5. Conclusions

In conclusion, despite evidence of hepatoprotection across all DF interventions, the psyllium containing diets possessed the greatest capacity to regulate carbohydrate uptake and metabolism; highlighting that not all DFs are equal. Interestingly, the combination of both diets studied (LF InPsy) appeared to confer greater hepatoprotection (reduced TAGs), potentially related to the acquisition/accumulation of both inulin- and psyllium-related microbial changes. As such, psyllium containing fiber combinations should be further evaluated, in order to determine the optimal composition for refined diet mitigation and metabolic disease prevention. Additionally, such findings require clinical confirmation, in order to validate this response in humans.

Supplementary Materials

The following are available online at https://www.mdpi.com/article/10.3390/nu13124278/s1, Table S1: Full dietary information, Table S2: Primer sequences used for qPCR analysis. Table S3: Full correlation analysis results.

Author Contributions

M.M., D.V., M.G.P. and A.M. conceptualized and designed the experiments and analytical approaches. D.V. provided the Home Office Animal Licence; M.G.P., A.M., M.E.M.H., I.R.-R. and B.A.B. performed the animal research and subsequent sample processing; G.L.G. performed the metabolomic analysis; M.G.P., A.M. and M.E.M.H. performed all other analysis and analysed the data; M.G.P., M.M. and D.V. wrote the manuscript with contributions from all authors; M.R. and M.P. contributed to the design of the diets regarding the formulas and fibre selections, provided critical reagents and critically reviewed the manuscript; All authors approved the final manuscript. All authors have read and agreed to the published version of the manuscript.

Funding

This research was part funded by The Norwich Medical School, Research Diets, Inc. and by a BBSRC grant (BBS/E/F/00044506).

Institutional Review Board Statement

All experimental procedures and protocols performed were reviewed and approved by the Animal Welfare and Ethical Review Body and were conducted in accordance to the specification of the United Kingdom Animal Scientific Procedures Act, 1986 (Amendment Regulations 2012) (Reference PPL 70/8710).

Data Availability Statement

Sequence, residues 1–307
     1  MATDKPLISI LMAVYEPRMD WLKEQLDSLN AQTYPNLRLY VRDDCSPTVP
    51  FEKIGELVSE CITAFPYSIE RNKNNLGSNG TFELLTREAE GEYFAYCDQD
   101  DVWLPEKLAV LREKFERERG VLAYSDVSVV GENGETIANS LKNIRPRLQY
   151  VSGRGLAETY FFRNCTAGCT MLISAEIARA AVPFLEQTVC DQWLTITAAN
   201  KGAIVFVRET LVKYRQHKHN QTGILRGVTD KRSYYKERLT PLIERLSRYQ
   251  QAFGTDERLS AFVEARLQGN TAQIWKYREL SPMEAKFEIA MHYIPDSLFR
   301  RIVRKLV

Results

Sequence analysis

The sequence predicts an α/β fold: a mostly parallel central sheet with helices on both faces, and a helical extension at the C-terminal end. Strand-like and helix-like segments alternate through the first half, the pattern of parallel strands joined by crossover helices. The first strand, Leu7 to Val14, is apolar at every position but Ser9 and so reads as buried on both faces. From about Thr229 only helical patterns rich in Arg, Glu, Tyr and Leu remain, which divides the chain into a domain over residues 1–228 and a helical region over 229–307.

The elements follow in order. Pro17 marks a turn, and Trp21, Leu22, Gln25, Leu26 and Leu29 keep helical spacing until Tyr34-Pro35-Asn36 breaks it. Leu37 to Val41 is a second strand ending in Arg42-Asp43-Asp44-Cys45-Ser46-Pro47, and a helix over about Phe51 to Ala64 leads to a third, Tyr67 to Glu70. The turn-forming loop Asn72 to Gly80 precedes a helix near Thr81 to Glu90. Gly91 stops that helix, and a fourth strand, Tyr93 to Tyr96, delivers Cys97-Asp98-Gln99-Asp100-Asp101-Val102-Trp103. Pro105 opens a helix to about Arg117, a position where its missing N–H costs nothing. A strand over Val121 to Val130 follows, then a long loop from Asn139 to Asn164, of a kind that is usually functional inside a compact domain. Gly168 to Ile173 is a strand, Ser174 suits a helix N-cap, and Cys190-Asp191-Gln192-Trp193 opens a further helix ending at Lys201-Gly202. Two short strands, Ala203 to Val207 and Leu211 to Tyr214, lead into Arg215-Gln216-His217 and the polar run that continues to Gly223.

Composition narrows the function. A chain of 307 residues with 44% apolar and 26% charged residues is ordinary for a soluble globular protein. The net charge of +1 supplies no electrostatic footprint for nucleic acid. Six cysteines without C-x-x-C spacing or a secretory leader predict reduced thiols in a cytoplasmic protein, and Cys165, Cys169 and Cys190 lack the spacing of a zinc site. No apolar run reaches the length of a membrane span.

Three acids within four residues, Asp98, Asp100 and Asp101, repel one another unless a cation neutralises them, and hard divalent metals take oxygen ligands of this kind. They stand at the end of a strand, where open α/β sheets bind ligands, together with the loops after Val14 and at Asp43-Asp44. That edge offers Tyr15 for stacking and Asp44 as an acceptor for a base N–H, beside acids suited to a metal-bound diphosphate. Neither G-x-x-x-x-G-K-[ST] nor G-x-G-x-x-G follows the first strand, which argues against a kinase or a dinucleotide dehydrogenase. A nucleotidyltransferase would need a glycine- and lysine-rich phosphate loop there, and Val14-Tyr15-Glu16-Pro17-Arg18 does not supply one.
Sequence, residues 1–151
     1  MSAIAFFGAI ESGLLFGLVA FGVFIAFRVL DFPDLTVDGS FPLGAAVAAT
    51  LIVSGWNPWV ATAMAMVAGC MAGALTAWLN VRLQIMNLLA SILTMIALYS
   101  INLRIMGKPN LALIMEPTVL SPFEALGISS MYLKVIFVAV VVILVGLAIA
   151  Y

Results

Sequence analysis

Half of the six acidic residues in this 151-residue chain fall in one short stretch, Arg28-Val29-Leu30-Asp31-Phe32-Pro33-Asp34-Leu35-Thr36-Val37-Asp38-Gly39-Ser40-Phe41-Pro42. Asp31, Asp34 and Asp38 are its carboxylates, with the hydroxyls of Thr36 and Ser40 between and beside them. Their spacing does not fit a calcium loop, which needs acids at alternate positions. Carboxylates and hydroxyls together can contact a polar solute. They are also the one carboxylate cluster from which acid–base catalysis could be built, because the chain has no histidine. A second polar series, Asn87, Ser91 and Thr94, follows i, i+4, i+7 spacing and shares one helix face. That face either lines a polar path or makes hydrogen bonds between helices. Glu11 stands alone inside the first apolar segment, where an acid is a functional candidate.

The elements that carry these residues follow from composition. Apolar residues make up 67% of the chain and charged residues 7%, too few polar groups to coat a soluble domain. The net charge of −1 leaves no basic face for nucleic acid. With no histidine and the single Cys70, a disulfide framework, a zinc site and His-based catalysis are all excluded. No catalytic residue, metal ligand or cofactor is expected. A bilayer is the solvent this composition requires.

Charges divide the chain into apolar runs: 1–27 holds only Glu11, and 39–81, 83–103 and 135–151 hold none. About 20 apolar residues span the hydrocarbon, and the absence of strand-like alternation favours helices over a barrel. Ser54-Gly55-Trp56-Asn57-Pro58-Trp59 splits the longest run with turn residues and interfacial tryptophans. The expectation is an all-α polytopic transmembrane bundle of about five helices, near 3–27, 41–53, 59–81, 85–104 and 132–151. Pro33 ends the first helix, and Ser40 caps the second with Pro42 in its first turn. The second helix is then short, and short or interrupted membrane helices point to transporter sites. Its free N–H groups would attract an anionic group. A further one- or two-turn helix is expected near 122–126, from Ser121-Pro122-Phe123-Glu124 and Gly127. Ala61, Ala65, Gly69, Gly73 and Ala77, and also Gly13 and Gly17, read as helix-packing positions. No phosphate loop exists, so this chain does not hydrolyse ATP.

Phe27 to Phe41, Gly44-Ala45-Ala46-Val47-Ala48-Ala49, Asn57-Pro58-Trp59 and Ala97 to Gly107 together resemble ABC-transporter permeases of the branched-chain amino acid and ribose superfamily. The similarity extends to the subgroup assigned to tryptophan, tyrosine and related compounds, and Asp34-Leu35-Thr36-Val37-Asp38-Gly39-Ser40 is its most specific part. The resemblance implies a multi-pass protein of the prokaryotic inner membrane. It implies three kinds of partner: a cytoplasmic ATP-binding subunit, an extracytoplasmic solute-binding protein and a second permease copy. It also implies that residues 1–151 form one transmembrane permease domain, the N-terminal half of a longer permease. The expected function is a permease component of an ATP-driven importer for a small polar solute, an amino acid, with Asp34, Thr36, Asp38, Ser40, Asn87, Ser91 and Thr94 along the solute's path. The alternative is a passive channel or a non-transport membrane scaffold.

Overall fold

Data will be made available upon request.

Acknowledgments

The authors thank the staff of the Disease Modelling Unit at the University of East Anglia for expertise and help with the conduct of the rodent studies.

Conflicts of Interest

M.R. and M.P. are both employees of Research Diets, Inc. Research Diets, Inc provided the diets and some additional funding to perform the animal study. The sponsors had no role in the execution, interpretation, or writing of the study. The other authors declare no conflict of interest.

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Figure 1. Soluble DF addition has no impact on body weight gain: (A) body weight trajectory across the 10-week study, (B) body weight gain, (C) and food intake remained constant across dietary interventions. Data are presented as mean ± S.E.M.
Figure 1. Soluble DF addition has no impact on body weight gain: (A) body weight trajectory across the 10-week study, (B) body weight gain, (C) and food intake remained constant across dietary interventions. Data are presented as mean ± S.E.M.
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Figure 2. Addition of soluble DF to a refined LF animal diet alters gut–liver morphology (A) Intestinal length and (B) cecum weight were significantly increased in response to soluble DF addition, with the effect enhanced by psyllium containing diets. (C) Liver weight to body weight ratio was not significantly changed. (D) Hepatic TAGs were reduced by the combination diet, (E) consistent with the visually healthier liver tissue observed through H&E staining. Data are presented as mean ± S.E.M * p < 0.05, ** p < 0.01, *** p < 0.001, **** p < 0.0001.
Figure 2. Addition of soluble DF to a refined LF animal diet alters gut–liver morphology (A) Intestinal length and (B) cecum weight were significantly increased in response to soluble DF addition, with the effect enhanced by psyllium containing diets. (C) Liver weight to body weight ratio was not significantly changed. (D) Hepatic TAGs were reduced by the combination diet, (E) consistent with the visually healthier liver tissue observed through H&E staining. Data are presented as mean ± S.E.M * p < 0.05, ** p < 0.01, *** p < 0.001, **** p < 0.0001.
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Figure 3. (A) α-diversity assessed by Shannon index was subtly but not significantly increased through DF addition, meanwhile (B) β-diversity, assessed using weighted unifrac analysis showed robust separation of DFs from the LF diet. (C) Graphical representation of phylum composition across each diet. (D) Bacteriodetes: Firmicutes ratio increased in response to psyllium containing diets (p values and FDR of significant changes are given in Table 1.). Data are presented as mean ± S.E.M * p < 0.05.